The UPPA closed its international week in Bayonne last Friday on the theme of Industry 4.0. In front of one hundred thirty participants from two dozen universities on three continents, we had the opportunity to discuss the current realities and future perspectives of digital transformation in business.
Michael Papazoglou of the University of Tilburg began the morning with a insightful analysis of the impact of the Cloud, expert systems, and Big Data on internal and extended production processes. Bertrand Rose of the University of Strasbourg ended the session with an thoughtful examination of how IoT technologies have become synonymous with the very definition of smart buildings. In between the two I was left with the challenge of trying to explain why, at the dawn of the Fourth Industrial Revolution, the quality of managerial decision making remains the key to success in business.
No one will dispute that advances in information technology have put an unprecedented breadth and depth of data at the disposal of both strategic and operational management. This said, the value of the data comes from the very human ability to contextualize this input in the industry and in the organizations in which they work. The suggestion that the algorithms behind Industry 4.0 technologies will allow factories and offices to perform optimally with only marginal human intervention is as dangerous as it illusory. Regardless of the hype, algorithms are nothing more than computational procedures that “facilitate” decision making by reducing the entropy we see in the data. Much like the mental shortcuts we use in deduction and induction, or the business processes used in organizations to optimize the flows of goods and services, algorithms are simply someone’s attempt to capitalize on what machines are capable of processing.
The algorithms behind Industry 4.0 are for the most part attempts to minimize perceptions of risk and uncertainty in stochastic decision environments based on probability theory. Machine learning itself is largely about plotting data to probability distributions to produce generalizable algorithms. Beyond the math, probability remains nothing more than an educated guess based on both how we define the problem and the number of parameters we wish to consider. As demonstrated by Nassim Nicolas Taleb in the both The White Swan[i] and his monograph on Silent Risk[ii], probability theories have repeatedly led us to some very poor decisions. He argues quite convincingly that the correct use of data science is less about looking for generalizable patterns than it is for exploring the outliers that resist explanation. In short, when facing an exceptional business challenge, manually exploring these exceptions is certainly more valuable than relying on machine reading data sets.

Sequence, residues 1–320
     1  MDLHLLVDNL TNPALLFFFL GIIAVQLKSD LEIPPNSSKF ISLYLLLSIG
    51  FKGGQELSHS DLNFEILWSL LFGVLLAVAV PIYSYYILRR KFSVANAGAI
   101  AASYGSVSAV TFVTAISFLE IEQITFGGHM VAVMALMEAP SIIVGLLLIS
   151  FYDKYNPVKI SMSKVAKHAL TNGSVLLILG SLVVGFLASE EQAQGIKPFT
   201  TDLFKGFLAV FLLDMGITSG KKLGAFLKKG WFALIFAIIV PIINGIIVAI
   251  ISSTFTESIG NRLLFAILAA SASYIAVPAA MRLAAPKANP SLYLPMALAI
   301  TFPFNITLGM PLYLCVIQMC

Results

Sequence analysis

At a different level, we need to keep in mind that what separates statistics from business is that the latter is a human activity based on perceptions of data rather than the data itself. Understanding how people look at the data requires exploring the heuristics and cognitive biases implicit in how we look at, aggregate and process information. Exploring the realities of information work is essential in analyzing how businesses formulate both the problems they seen and how management scopes out what may be acceptable solutions. Making sense of the context comes through telling stories by the numbers rather than simply relating the facts. There is nothing either virtual or automatic about transforming data into action — this is the domain of human decision making.
In closing, a new book by my colleague Fernando Cuevas reminded me of the fundamental difference between human resources and human relations in business today.[iii] If human resource management stems from a mechanistic vision of how businesses strive to optimize formal organizations, human relations are the product of informal networks in which human beings express empathy, tolerance, compassion and value. Industry 4.0 will never be more than just another number if we forget than a manager’s primary job isn’t behind his or her console, but in front of their customers, colleagues, and shareholders. In the era of Industry 4.0, a manager’s end goal isn’t to become an expert in machine learning, but an eternal student of the very human activity of decision-making.
Improving managerial decision-making is heart and soul of the Business Analytics Institute. In our Summer School in Bayonne, as well as in our Master Classes in Europe, our focus on digital economics, data-driven decision making, machine learning, and visual communications we can help you put analytics to work for you and your organization.
Lee Schlenker is a Professor at ESC Pau, and a Principal in the Business Analytics Institute http://baieurope.com. His LinkedIn profile can be viewed at www.linkedin.com/in/leeschlenker. You can follow us on Twitter at https://twitter.com/DSign4Analytics
[i] Taleb, Nassim Nicholas (2010). The Black Swan: the impact of the highly improbable (2nd ed.). London: Penguin
[ii] Cirillo, P. and Taleb, N.N., 2016, “On the statistical properties and tail risk of violent conflicts”
[iii] Cuevas, F., 2017, De la haine à l’amour, les relations humaines dans la vie privée et professionnelle, L'Harmattan